If you suspect child abuse
Child abuse doesn’t go away and usually becomes more serious over time.
It’s important to act as soon as you suspect child abuse, or if a child tells you they’ve been abused.
If you suspect a child has been, or is being, abused find out how to report abuse.
You should also:
- know and understand how to recognise child abuse
- observe the child and write notes as soon as you become worried; pay attention to changes in their behaviour, feelings and the words they use
- talk calmly with the child – showing a child that you’re worried about them if they look sad or unwell can encourage them to talk to you
- avoid pressuring the child to answer your questions – give them time to answer your questions in their own way
- let the child know that they can talk to you when they need to, and listen to them when they do
- get expert advice by contacting Child Safety Services.
If a child tells you they’re being abused, you should:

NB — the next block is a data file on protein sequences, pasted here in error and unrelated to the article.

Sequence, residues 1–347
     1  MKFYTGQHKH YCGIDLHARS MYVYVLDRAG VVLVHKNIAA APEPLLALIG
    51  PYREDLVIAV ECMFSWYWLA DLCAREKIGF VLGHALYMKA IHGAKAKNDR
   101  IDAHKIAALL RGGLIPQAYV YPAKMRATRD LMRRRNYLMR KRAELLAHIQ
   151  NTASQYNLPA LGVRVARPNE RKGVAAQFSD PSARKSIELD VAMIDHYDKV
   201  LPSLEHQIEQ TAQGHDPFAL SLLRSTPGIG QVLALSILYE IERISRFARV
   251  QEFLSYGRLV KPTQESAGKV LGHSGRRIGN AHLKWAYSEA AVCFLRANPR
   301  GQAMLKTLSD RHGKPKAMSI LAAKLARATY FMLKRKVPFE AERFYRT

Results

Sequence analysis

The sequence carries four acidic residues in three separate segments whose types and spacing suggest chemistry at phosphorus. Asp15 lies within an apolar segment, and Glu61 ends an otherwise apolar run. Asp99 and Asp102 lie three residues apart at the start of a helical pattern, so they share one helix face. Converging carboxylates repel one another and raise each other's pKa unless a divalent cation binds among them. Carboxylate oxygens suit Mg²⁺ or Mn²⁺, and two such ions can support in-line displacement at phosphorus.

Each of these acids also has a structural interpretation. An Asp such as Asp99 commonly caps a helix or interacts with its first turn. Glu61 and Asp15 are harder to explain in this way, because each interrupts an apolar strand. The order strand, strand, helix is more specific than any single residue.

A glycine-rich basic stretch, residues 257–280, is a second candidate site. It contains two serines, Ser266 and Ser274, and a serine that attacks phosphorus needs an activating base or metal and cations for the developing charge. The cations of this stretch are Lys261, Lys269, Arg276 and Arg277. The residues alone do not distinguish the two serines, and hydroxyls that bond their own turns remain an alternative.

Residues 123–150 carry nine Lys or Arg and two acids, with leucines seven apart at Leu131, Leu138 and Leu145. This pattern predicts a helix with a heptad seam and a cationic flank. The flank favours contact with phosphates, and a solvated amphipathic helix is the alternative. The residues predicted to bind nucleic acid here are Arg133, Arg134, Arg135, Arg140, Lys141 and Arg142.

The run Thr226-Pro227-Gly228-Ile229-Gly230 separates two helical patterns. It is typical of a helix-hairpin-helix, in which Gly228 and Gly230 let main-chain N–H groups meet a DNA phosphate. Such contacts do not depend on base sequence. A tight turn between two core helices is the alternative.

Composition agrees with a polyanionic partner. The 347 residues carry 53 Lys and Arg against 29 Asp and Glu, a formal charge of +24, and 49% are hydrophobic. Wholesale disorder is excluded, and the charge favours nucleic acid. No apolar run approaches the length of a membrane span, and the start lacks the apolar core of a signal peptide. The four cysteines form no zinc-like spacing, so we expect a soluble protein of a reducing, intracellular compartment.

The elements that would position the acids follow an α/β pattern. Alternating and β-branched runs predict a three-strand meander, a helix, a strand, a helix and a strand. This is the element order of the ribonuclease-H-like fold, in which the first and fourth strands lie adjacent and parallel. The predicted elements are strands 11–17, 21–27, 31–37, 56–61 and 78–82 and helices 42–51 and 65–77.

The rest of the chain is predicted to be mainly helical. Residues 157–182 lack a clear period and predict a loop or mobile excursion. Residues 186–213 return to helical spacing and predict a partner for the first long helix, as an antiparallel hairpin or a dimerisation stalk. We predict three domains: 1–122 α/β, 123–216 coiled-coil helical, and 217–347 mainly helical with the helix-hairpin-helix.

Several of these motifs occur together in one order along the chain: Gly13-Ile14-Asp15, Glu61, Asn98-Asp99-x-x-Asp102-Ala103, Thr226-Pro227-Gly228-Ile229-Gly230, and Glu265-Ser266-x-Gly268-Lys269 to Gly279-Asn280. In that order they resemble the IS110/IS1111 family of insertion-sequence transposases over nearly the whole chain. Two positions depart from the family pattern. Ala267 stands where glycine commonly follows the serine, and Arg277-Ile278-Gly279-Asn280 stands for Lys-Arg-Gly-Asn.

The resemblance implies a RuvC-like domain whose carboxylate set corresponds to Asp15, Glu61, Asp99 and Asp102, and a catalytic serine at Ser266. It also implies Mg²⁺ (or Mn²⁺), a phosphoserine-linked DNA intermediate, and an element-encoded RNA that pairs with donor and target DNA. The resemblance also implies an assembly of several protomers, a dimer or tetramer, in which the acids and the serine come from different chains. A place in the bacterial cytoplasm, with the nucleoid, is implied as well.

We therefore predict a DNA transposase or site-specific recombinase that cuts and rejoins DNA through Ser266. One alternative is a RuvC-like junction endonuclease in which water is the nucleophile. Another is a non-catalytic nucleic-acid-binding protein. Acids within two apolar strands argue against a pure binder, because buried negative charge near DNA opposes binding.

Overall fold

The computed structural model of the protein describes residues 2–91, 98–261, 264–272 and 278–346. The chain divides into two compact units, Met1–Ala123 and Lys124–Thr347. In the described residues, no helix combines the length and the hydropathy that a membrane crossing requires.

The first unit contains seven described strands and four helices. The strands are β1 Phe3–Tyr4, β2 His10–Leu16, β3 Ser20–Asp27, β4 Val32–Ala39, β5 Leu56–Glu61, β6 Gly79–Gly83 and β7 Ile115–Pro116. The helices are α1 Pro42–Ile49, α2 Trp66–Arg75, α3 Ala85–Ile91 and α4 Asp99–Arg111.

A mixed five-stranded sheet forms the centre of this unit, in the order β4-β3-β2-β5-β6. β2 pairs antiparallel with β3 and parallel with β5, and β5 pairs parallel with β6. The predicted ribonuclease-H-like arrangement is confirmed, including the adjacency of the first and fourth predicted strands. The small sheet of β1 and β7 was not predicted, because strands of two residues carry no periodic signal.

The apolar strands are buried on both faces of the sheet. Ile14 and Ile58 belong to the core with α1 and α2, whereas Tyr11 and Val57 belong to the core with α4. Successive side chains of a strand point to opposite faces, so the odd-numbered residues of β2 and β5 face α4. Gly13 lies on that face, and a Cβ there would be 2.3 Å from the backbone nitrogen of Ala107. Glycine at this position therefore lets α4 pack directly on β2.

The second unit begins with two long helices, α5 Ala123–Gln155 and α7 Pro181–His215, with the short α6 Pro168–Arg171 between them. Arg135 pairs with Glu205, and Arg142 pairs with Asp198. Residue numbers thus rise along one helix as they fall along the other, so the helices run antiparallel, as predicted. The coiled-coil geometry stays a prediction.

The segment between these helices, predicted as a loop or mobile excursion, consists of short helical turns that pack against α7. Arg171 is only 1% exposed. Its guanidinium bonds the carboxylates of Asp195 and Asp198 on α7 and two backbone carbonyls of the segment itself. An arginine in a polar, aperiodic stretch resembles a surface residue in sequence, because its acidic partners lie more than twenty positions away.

- remain calm — avoid looking shocked, panicked or in disbelief as the child needs to know you’re listening to them
- find a private place to talk
- ask questions like “can you tell me more about that?” and let the child talk in their own words
- tell the child they’ve done the right thing by talking to you
- not make promises you can’t keep, such as promising you won’t tell anyone — you need to tell someone so you can help the child
- get professional advice about what you should do next — call us or the police
- not contact the offender, regardless of who they are — our child safety officers or the police will talk to the offender
- keep information confidential — only our child safety officers or the police should be told, at this time.
If a parent tells you their child has been abused by a partner, and the partner is no longer living with the child, you can still talk to us or the police. You can also encourage the parent to get help from Family and Child Connect.